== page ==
Mission: Impossible

A radically retooled Minneapolis School Board tries to stop the bleeding and start over

Pratt itself was mothballed in 1982, as a part of the first wave of closings when MPS was contending with a decade-long exodus that dropped the student body from 65,000 to 39,000. Many of the schools closed that year were razed, but Pratt's neighborhood came to its defense, demanding that the building, which faces Tower Hill, stay open as a community center. The school was reopened as a K-3 program in 2000 with just kindergarteners and first-graders. When its first pupils were in third grade, the district agreed to expand Pratt by two more classes to K-5. Prospect Park committed $1.1 million to the effort.

Ten months later, in early 2004, David Jennings put the school on the list of buildings he thought should close. Pratt was indeed a jewel, he conceded to the Star Tribune, "but our view as a school district has to be larger than just that one school." MPS had more pressing problems in schools in neighborhoods that weren't as organized as Prospect Park, he said.

Members of the school board at the time proved softer touches, eventually agreeing to leave open Pratt and a number of other schools serving vocal—and affluent—families. When every single southwest Minneapolis school slated for closing survived, families in North and Northeast cried foul and the number of minority children leaving the city only accelerated; MPS had 43,000 students in 2004, and just 36,000 today.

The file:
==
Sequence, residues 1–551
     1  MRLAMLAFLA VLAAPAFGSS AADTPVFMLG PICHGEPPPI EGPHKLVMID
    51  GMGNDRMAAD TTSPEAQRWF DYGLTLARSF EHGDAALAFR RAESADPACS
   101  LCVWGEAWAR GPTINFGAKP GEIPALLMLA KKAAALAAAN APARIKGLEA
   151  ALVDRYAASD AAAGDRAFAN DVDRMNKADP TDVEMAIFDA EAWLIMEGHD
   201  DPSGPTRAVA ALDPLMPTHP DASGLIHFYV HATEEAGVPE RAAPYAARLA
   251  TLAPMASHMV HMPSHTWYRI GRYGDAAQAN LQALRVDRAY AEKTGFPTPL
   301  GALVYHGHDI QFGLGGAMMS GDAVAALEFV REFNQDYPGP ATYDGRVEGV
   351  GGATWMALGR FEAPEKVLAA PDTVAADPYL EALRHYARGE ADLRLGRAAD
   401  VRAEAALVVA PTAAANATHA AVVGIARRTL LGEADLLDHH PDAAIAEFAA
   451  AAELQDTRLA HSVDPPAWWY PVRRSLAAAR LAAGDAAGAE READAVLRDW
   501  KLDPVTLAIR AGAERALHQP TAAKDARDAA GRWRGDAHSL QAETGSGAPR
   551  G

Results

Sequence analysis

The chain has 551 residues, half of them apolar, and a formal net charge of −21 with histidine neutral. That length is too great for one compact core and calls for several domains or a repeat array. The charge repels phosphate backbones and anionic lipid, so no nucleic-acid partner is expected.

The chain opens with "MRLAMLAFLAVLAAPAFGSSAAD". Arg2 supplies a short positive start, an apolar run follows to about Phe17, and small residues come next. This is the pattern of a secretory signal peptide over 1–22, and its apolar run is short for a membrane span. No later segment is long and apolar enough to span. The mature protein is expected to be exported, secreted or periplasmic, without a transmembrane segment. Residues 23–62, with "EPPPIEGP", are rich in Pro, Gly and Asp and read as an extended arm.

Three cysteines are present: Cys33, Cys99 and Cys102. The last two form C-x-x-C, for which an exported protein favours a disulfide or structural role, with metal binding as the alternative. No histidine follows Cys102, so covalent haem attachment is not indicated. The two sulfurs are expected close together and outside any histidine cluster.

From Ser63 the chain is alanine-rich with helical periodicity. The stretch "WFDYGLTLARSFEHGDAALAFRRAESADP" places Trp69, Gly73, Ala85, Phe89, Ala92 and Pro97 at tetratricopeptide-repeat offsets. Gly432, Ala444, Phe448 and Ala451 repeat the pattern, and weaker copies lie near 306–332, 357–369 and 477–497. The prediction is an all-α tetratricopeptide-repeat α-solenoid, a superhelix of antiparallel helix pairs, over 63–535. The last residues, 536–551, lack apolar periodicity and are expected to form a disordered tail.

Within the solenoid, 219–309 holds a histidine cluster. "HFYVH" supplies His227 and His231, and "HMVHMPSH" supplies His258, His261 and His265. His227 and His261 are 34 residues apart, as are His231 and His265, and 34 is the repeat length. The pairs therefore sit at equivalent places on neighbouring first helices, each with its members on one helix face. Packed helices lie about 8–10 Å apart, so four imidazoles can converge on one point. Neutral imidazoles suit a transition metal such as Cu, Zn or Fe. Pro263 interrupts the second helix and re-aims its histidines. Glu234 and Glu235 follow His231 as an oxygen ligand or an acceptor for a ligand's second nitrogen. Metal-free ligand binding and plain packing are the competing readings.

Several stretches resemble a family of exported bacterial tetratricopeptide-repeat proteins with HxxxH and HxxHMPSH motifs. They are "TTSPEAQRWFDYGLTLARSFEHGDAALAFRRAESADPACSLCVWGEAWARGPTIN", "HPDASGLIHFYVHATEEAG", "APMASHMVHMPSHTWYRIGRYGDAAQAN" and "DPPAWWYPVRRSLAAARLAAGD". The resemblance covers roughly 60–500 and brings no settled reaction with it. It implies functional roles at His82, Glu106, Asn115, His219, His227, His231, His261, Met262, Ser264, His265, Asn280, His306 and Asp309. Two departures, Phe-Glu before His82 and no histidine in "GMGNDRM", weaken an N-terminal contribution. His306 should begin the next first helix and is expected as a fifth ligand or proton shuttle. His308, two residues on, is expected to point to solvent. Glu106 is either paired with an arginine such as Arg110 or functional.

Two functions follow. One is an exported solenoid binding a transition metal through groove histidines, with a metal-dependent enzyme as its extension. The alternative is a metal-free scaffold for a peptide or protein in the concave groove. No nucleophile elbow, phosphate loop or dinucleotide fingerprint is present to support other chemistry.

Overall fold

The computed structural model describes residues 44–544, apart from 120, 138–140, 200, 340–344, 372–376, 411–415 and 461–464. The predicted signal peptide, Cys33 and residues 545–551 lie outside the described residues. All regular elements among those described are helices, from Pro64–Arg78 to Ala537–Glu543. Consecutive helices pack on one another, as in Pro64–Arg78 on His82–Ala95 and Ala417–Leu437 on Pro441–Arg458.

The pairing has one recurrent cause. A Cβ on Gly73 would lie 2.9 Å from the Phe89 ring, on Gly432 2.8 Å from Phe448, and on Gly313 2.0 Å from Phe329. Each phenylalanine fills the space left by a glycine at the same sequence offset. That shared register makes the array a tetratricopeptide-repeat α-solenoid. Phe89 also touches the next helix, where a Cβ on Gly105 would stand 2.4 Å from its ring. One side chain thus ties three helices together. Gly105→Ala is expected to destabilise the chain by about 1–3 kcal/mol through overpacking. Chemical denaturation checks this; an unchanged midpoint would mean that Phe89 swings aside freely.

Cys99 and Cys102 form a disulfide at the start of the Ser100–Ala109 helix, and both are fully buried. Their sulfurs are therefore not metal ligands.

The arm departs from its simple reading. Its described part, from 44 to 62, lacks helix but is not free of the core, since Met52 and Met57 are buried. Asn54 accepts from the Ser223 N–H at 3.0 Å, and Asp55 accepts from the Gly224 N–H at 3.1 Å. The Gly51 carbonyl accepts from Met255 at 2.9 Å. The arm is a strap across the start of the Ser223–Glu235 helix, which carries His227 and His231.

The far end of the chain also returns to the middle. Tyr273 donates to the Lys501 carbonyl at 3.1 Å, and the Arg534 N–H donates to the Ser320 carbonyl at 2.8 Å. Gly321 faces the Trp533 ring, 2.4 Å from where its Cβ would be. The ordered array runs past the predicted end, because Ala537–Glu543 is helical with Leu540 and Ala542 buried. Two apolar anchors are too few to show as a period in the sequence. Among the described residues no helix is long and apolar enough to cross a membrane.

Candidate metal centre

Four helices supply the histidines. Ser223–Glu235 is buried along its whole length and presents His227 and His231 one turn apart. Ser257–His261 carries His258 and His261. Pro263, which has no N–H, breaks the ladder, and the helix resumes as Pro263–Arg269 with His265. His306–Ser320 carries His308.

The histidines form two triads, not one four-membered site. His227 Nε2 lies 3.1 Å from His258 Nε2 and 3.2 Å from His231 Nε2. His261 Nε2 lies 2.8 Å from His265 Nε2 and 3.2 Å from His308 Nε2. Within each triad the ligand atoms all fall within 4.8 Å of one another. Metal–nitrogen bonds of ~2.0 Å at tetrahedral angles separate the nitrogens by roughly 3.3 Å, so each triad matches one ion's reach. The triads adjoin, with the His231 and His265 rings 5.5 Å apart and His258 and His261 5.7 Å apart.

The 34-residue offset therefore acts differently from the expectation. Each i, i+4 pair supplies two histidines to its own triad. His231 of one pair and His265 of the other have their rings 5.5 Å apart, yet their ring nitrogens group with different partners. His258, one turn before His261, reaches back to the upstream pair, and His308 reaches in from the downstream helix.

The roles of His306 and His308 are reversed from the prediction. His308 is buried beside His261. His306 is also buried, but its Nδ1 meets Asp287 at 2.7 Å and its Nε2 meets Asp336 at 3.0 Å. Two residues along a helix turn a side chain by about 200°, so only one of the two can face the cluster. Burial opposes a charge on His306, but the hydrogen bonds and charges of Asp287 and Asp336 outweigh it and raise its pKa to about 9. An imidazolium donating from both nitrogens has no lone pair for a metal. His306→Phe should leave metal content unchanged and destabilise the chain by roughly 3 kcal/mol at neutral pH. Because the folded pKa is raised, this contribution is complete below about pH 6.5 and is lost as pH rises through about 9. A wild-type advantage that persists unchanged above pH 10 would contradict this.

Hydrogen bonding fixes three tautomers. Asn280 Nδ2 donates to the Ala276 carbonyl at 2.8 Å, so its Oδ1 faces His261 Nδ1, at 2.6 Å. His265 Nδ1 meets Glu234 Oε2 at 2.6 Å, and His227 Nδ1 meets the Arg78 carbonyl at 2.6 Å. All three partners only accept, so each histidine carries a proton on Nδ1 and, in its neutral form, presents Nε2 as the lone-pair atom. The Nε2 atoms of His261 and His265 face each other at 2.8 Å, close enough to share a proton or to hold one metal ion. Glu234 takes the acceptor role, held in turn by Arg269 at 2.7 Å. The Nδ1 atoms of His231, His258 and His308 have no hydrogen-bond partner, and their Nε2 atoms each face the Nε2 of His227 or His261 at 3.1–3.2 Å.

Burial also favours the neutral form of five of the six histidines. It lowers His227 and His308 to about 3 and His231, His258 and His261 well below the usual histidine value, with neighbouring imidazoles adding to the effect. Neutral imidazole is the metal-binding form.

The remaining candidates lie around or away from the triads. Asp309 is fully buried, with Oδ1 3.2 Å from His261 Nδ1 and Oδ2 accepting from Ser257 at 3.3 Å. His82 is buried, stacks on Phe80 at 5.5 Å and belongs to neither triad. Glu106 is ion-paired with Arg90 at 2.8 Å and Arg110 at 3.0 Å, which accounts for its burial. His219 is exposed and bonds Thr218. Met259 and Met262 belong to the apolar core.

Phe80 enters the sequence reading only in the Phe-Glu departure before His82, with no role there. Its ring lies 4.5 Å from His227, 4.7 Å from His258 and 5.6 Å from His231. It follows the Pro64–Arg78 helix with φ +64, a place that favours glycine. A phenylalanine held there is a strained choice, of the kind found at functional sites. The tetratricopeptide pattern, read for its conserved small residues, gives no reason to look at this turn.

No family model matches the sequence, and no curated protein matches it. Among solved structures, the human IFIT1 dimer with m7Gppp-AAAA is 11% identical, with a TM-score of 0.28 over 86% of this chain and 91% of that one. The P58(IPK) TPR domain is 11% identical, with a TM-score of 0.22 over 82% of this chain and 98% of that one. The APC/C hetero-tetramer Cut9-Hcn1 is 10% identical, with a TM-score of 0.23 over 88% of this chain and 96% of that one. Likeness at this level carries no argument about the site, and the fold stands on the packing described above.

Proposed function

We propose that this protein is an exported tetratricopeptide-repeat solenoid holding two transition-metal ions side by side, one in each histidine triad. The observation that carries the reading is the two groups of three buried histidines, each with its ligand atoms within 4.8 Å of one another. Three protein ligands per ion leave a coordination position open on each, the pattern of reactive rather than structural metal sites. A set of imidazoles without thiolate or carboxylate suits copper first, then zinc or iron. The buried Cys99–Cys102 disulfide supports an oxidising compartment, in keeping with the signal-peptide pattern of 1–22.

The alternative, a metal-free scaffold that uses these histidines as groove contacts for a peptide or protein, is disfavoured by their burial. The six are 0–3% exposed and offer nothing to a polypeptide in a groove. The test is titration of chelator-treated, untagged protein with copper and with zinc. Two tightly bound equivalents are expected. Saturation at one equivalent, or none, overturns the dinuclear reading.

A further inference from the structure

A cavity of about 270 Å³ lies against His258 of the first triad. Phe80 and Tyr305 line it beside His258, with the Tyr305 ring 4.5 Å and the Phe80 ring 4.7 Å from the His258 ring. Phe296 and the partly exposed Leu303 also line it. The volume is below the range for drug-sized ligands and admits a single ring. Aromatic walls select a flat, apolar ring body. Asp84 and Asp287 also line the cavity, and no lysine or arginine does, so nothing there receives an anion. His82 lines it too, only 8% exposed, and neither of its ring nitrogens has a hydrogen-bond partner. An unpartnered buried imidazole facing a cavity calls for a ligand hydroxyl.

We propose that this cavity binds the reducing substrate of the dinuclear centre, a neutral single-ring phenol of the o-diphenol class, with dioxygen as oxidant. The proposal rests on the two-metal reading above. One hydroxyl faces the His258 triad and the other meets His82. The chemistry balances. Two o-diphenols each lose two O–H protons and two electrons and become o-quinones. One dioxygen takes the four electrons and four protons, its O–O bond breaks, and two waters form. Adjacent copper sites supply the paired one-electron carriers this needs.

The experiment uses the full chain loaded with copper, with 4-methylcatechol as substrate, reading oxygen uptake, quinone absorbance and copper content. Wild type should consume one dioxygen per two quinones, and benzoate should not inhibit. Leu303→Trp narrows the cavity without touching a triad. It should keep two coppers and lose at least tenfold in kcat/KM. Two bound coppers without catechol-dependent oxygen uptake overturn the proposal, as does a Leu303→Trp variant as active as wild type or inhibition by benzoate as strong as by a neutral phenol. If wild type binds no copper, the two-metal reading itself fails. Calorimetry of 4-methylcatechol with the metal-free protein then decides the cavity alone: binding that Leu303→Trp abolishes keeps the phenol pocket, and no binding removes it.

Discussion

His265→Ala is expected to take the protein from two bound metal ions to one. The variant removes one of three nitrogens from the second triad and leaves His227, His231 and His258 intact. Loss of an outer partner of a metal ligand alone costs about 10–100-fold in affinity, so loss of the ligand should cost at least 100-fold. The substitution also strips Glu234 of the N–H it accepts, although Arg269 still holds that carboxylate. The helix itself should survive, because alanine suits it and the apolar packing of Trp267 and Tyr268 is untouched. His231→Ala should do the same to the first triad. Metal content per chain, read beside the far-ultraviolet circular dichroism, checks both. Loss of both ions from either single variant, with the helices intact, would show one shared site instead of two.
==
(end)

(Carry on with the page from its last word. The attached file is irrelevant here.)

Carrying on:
The new board can't afford to bow to all comers, Stewart says. Still, he tells the dads at Pratt, their school deserves to stay open. If it weren't integrated, and if it weren't for the community's creative financing, it would be a different story. In fact, MPS should figure out how to replicate its successes elsewhere.

It takes 90 minutes, but Stewart finally finds something not to like in Pratt's basement. The lunch that's being set out consists of grilled cheese sandwiches and vegetable egg rolls going cold and soggy in individual plastic wrappers. "I'm sorry," he snaps, holding up a sandwich displaying the crispness of a potholder. "One of these days I am just going to lose it. I mean, look at this."

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